The North American Computational Linguistics Olympiad (NACLO)
NACLO is an international contest in which middle school and high school students solve linguistics puzzles. No prior knowledge of linguistics or languages in necessary to solve the problems - just logic skills.
Professionals in linguistics and language technologies create engaging problems for the Olympiad using dozens of the world's languages. The competition attracts top students, many of whom choose later on to study and work in the field.
- Try out some graded practice problems here and some problems from prior NACLO and International Olympiads.
- Read about linguistics and computational linguistics.
- Explore the world's languages on the web.
- Open Round: The Open Round competition is on Thursday, January 25, 2018, 9:00 am — 12:00 pm. Seattle and Puget Sound area students will compete at the University of Washington Seattle Campus, Husky Union Building, Room 334.
- Invitational Round: The top 100 Open Round performers nationwide will be invited to participate. The Invitational Round competition will take place on Thursday, March 8, 2018, 9:00 am – 1:00 pm in Guggenheim Hall Room 415L on the University of Washington Seattle Campus.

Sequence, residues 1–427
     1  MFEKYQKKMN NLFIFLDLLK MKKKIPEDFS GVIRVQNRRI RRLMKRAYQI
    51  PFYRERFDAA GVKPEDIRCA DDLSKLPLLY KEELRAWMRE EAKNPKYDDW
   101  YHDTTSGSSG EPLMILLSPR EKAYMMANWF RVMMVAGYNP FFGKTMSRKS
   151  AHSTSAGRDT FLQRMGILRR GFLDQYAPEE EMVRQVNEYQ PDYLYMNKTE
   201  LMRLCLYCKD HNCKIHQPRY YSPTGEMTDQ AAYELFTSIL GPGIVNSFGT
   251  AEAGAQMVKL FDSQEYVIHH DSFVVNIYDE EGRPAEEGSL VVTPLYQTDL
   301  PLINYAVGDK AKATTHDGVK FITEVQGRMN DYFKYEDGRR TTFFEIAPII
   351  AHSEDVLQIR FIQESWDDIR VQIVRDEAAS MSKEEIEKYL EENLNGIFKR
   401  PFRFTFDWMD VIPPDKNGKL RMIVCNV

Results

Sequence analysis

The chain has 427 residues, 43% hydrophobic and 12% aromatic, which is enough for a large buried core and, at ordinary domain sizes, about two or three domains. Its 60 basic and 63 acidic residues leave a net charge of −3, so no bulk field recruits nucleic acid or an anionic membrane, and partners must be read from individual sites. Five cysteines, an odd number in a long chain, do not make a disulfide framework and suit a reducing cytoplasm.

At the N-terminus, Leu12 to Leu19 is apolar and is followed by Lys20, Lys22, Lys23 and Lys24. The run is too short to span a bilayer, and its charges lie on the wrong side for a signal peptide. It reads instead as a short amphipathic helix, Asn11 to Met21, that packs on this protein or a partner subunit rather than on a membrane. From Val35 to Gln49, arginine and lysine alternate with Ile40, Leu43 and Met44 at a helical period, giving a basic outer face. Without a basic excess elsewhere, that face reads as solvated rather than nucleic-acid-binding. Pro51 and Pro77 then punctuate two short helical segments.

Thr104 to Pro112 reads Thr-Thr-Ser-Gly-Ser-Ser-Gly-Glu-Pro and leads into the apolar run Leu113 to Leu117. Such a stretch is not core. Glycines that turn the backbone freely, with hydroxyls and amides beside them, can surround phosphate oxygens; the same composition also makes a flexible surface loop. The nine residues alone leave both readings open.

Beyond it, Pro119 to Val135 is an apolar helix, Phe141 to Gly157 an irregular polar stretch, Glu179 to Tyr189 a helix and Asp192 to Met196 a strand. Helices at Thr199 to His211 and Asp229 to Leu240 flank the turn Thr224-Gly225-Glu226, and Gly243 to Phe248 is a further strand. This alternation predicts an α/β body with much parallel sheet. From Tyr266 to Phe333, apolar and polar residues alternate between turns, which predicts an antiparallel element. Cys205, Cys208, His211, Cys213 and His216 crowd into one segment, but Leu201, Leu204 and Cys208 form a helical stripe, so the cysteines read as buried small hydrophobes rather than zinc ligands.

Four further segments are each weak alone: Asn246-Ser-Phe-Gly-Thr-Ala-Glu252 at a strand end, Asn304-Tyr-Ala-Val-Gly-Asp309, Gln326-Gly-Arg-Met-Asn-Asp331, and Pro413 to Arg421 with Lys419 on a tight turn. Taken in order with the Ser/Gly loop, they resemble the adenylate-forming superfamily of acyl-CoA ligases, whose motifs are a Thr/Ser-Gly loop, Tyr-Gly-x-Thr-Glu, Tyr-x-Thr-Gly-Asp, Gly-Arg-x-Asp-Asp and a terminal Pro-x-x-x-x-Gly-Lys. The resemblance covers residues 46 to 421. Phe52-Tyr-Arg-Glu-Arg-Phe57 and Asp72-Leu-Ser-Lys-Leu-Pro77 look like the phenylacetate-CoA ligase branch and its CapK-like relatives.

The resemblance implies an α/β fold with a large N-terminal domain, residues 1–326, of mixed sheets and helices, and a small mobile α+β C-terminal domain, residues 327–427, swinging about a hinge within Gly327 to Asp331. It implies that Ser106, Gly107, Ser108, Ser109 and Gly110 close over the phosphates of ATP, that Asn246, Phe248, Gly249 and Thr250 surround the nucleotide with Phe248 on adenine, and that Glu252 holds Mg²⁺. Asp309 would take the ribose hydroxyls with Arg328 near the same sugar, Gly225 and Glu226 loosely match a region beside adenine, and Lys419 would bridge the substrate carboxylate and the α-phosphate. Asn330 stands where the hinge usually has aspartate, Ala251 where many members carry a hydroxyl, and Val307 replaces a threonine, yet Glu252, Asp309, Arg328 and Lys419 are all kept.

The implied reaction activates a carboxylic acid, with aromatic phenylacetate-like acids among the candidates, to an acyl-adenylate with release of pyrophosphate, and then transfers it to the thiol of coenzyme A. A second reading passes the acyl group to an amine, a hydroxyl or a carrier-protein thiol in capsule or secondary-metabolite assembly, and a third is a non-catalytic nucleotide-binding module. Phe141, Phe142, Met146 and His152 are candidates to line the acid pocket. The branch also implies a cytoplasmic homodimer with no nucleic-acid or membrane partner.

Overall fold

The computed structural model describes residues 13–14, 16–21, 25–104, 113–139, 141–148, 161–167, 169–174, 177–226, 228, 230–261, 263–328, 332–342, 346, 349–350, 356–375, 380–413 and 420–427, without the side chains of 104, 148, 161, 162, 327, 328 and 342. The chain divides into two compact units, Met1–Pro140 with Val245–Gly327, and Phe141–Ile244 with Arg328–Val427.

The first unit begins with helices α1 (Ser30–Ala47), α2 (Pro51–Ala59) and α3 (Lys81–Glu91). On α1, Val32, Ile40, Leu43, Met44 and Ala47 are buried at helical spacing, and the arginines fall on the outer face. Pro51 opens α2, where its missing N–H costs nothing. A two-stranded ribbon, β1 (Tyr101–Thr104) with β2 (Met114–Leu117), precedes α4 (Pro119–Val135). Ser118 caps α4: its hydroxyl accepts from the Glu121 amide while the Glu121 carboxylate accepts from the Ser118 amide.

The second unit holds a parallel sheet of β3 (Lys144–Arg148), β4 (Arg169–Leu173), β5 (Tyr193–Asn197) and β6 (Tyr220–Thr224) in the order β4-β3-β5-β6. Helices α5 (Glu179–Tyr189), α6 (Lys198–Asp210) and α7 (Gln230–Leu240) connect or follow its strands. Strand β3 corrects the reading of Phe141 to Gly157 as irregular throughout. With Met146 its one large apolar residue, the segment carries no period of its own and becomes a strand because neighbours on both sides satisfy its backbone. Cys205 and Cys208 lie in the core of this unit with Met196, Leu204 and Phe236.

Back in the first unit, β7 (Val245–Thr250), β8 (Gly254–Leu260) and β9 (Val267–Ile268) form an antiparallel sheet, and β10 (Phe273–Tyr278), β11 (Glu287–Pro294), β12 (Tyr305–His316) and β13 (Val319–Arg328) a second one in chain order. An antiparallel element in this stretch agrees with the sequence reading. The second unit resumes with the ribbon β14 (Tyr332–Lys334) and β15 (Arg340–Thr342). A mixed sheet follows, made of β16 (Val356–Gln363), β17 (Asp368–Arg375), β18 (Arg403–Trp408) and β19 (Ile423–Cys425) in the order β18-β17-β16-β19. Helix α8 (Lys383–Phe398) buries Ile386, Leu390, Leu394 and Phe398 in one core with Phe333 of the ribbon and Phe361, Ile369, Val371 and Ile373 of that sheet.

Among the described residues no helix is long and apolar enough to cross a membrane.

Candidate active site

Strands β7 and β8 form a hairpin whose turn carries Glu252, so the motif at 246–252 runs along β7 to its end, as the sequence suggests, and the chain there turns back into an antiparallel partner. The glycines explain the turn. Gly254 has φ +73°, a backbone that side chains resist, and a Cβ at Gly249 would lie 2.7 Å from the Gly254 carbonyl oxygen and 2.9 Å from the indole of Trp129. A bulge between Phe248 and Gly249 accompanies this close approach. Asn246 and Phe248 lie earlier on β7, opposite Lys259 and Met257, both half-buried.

- International Olympiad: Eight students will be selected to represent the United States at the 16th International Linguistics Olympiad to be held in Prague, Czech Republic from July 26th to July 30th, 2018.
The NACLO registration site is: www.nacloweb.org/register_student.php. On the second page of the registration form select University Site and the University of Washington as the Contest Site. Local Arrangements In the Seattle and Puget Sound area, NACLO is organized by the Department of Linguistics at the University of Washington. The local organizers are Jim Hoard (email@example.com), Joyce Parvi (firstname.lastname@example.org), and Luke Zettlemoyer (email@example.com).
NACLO 2018 is sponsored by the National Science Foundation, Yahoo, the Linguistic Society of America, the North American Chapter of the Association for Computational Linguistics, Carnegie Mellon University, the University of Michigan, and the University of Pittsburgh Intelligent Systems Program.